3.2 - Developpers

Developpers should help more the documentation writers to write their doc, at least by answering questions. When applications move from one package to the other, it should be posted on kde-i18n-doc mailing list. The default style and theme has changed again lately despite the UI freeze! This means we have to redo all the screen shots :-(. The UI freeze on messages should be respected more strictly. We know it's hard, but... KDE does not use locales to sort. This is a localization bug. Find a suitable technical way to add the name of the translators to the "about" box of the applications (for motivation reasons). kwrite needs to be able to write files in UTF-8 format, otherwise the translators keep their time recoding po files. kdevelop has a documentation mainly done for KDE 1. A big update seems necessary. khelpcenter should show up a page to redirect people at run time if the documentation did not compile, did not exist or was not installed, to help them solve the problem. koffice is still moving too much to be able to be localized. kbabel should add context on the near lines in the po files. Make sure kdelibs does not generate anchors with upper case in calls to InvokeHelp() (there seems to be a technical problem here).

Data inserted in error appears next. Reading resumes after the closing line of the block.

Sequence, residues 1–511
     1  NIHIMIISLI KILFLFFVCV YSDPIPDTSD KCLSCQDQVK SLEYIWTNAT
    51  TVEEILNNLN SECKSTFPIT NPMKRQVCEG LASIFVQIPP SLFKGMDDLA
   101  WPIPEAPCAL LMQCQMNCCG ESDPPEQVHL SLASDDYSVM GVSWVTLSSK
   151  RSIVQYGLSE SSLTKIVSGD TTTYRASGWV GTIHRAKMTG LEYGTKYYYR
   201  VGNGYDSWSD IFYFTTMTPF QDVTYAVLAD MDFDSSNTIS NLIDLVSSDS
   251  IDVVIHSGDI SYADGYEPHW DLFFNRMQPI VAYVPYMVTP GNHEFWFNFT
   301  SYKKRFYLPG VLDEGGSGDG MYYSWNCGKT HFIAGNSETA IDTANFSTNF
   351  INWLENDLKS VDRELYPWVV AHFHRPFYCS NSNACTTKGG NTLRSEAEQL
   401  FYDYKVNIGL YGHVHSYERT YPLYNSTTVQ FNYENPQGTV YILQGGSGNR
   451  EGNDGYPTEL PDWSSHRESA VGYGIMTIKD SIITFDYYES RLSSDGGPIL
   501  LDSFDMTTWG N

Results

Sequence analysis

3.3 - DocBook team

DocBook is still too hard to install despite many past efforts. Continue the simplification and standardization. Move the INSTALL file for DocBook to the web server. Document the fact that the screenshot filename should be translated. Document the fact that doc writers should not use revision histories, they are duplicate with the CVS logs. Investigate if it is possible to share an user glossary between documents while keeping proper markup.

3.4 - Editorial team

Merge the two coordination web pages (the one for writers and the one for translators) (?). Add a section "new docs already updated" to start the update process of KDE 2 docs. The doc writers should be more visible on the mailing lists. For example, they should subscribe to kde-i18n-doc. The can also subscribe to kde-devel. There's not enough communication between writers themselves. Create a new mailing list? The name and email of the doc author is not enough for reporting bugs (bouncing emails) and some writers resent giving out their email, which is their right. We need a mail address for documentation bugs:We need more style rules (capitalization, vocabulary, etc). According to the FDL, we should copyright the docs. In khelpcenter/contact.docbook, there should be a pointer to the teams page so people know whom to contact to help translating. Move the visual dictionnary from to khelpcenter.

3.5 - Web server maintainers

To encourage people to translate the Web server, the news should be separated cleanly, thus enabling to translate only what is more static.

3.6 - Troll Tech company

There should be a program to detect conflicts between menu accelerators at run time in a Qt application.